STEVE INSKEEP, HOST:
Today, the United States answers a criticism from some parts of the world. It's a criticism that rich countries have taken a larger share of available COVID vaccines than poorer nations, which also need the vaccine. Even as a minority of Americans rejects the widely available medication, people in other countries are desperate for more. And today, President Biden will announce the United States is nearly doubling the amount of vaccine it is promising to donate to poorer countries. NPR White House correspondent Tamara Keith is covering this story. Tam, good morning.
TAMARA KEITH, BYLINE: Good morning.
INSKEEP: What is the president going to say exactly?
KEITH: The president is going to announce 500 million additional doses of the Pfizer vaccine will be purchased. He'll make that announcement at a virtual COVID-19 summit that he's hosting. The summit is aimed at getting other wealthy countries, NGOs and others, to commit to vaccinating the world. This big bunch of doses is on top of another 500 million doses he announced that the U.S. would be purchasing earlier this year, all aimed at low- and lower-middle-income countries. This will bring the total U.S. contribution to 1.1 billion doses. That's a lot more than any other country by a lot. President Biden gave a preview in his speech at the U.N. yesterday.
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PRESIDENT JOE BIDEN: To fight this pandemic, we need a collective act of science and political will. We need to act now to get shots in arms as fast as possible and expand access to oxygen, tests, treatments, to save lives around the world.
KEITH: Biden will also, at this conference, get behind an ambitious goal of having 70% of the world's population vaccinated by this time next year.
INSKEEP: OK, you said 1.1 billion doses in total on the way, which is a lot, but there are 7 billion people in the world. How big a deal is this?
KEITH: Yeah, it is a significant contribution, but there are a lot of questions, including whether this announcement will be a catalyst for other rich countries to donate more doses. I asked Carolyn Reynolds at the Pandemic Action Network to do some of that math for us, and she said that, to meet that 70% goal, about 5 billion more doses will be needed for low- and middle-income countries. So this U.S. contribution would be about a fifth of that. The challenge now, she said, is timing and delivery. She and other global health advocates are pressing to get shots in arms much faster. The majority of the doses the U.S. is donating won't be delivered until next year - so put that another way, most of the vaccines going to poor countries will be delivered in the third year of this deadly pandemic.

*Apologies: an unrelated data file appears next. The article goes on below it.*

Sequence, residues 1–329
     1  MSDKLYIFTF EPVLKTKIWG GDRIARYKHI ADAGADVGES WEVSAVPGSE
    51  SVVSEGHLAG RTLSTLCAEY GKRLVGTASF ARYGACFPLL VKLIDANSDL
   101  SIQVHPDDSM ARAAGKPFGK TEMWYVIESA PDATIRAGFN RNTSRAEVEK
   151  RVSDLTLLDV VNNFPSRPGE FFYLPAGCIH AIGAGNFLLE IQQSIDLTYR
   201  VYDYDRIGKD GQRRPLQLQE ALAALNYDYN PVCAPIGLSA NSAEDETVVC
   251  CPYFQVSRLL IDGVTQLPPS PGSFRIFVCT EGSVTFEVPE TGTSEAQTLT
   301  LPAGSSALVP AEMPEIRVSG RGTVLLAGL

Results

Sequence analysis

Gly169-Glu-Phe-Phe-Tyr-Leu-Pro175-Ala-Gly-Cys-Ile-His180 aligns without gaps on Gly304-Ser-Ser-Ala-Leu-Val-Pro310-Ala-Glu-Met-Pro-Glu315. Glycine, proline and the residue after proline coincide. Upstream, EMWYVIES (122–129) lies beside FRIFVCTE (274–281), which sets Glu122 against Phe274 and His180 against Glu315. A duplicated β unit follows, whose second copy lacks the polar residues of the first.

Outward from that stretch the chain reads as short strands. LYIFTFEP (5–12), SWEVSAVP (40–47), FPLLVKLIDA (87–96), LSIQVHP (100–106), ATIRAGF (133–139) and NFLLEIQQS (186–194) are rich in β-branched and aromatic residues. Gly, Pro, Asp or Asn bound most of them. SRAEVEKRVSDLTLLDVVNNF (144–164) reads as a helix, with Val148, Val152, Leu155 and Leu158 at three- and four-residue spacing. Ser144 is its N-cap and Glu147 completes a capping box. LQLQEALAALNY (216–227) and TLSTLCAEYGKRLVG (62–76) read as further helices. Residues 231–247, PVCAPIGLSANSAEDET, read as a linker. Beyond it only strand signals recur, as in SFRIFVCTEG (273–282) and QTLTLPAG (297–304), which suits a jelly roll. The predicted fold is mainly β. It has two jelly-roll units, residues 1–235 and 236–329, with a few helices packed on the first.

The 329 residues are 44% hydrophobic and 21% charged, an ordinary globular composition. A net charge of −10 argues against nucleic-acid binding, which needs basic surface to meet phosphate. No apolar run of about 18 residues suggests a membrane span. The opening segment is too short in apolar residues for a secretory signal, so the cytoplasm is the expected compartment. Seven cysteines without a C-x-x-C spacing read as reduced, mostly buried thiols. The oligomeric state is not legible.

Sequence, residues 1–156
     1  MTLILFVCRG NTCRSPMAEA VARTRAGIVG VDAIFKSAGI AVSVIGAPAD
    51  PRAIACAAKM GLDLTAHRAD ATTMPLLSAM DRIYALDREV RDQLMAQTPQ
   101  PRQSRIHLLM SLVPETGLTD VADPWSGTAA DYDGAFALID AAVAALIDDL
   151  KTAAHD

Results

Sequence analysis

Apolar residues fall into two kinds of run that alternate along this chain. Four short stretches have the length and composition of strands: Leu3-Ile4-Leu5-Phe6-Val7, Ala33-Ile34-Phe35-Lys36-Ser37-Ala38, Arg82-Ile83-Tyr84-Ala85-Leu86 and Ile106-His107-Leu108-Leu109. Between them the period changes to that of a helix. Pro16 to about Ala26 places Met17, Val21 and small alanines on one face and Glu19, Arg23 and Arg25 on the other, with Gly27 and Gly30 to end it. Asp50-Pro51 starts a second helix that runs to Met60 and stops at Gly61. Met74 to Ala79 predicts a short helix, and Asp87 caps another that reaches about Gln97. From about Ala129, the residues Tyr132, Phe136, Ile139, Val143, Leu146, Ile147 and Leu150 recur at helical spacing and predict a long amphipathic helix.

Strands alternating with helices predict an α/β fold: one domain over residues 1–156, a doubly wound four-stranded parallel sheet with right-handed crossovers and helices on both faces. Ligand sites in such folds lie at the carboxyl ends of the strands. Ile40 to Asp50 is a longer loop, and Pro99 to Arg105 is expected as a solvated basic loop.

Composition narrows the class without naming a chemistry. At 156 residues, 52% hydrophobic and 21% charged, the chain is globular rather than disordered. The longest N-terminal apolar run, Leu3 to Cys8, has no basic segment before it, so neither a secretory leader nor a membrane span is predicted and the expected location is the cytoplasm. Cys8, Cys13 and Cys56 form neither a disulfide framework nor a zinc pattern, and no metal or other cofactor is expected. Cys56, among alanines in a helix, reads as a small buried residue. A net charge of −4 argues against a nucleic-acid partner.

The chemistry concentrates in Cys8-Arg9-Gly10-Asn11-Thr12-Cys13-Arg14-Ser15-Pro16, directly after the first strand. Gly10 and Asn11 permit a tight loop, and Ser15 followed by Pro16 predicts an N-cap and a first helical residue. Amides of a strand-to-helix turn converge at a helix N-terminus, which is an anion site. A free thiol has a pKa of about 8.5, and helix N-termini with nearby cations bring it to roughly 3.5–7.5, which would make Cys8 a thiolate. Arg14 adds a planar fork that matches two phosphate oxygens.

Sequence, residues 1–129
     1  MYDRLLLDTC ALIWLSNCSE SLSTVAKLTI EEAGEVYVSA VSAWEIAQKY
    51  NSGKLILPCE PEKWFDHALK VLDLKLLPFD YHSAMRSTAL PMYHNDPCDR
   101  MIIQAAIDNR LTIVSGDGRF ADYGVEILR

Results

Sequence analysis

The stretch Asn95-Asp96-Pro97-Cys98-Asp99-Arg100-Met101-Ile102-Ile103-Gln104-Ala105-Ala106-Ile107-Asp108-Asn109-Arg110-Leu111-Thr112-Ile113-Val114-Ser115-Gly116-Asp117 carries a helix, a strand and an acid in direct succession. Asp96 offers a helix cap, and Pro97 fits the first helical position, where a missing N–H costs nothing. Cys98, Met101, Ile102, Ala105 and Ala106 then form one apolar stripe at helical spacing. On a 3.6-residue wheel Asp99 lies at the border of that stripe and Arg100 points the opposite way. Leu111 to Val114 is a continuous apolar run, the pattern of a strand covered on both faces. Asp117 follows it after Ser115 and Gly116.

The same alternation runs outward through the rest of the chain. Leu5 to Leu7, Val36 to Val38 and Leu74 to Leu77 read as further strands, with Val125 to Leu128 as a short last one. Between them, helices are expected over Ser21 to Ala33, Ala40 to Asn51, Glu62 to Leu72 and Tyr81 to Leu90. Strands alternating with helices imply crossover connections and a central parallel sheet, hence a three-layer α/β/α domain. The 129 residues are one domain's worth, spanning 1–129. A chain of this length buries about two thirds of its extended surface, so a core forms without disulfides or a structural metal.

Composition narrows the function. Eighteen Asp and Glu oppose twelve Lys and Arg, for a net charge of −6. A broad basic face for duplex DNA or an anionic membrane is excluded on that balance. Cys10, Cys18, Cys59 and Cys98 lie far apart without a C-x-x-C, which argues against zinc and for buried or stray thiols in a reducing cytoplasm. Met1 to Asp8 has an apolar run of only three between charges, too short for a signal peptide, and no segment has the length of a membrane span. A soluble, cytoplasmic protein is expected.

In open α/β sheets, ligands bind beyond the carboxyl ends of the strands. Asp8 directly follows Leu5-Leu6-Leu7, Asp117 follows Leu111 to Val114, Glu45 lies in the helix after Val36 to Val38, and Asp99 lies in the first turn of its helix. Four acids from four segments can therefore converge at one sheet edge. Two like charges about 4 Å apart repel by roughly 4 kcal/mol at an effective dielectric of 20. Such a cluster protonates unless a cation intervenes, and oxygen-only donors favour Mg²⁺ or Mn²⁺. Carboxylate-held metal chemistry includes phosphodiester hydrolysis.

INSKEEP: Wow. Well, how else has the White House been responding to this criticism that the U.S. and other countries effectively hoarded doses for themselves?
KEITH: The White House insists that this isn't a choice, that they can vaccinate Americans and help vaccinate the world at the same time. And they've argued that some of the issues, like logistics and regulations, were out of their control. But one reason that poor countries don't have vaccines for their citizens is because wealthy countries were able to scoop up all the contracts and available doses early on, and now wealthy countries are talking about boosters and third doses for fully vaccinated people, which spurred some criticism from U.N. Secretary-General Antonio Guterres, who yesterday opened the U.N. General Assembly in New York with this.
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ANTONIO GUTERRES: A surplus in some countries; empty shelves in others. A majority of the wealthier world vaccinated; over 90% of Africans still waiting for their first dose. This is a moral indictment of the state of our world. It is an obscenity. We passed the science test, but we are getting an F in ethics.
KEITH: An F in ethics. He will be speaking at the summit today, along with some other people who've been critical of the pandemic response thus far.
INSKEEP: In a couple of seconds, what else is happening at the summit?
KEITH: This is really all about accountability. Not just getting countries and NGOs to make pledges - there have been plenty of pledges along the way - but actually following through and meeting those goals, not having those goals get missed or tossed out again.
INSKEEP: Tam, thanks for the news.
KEITH: You're welcome.
INSKEEP: NPR White House correspondent Tamara Keith. Transcript provided by NPR, Copyright NPR.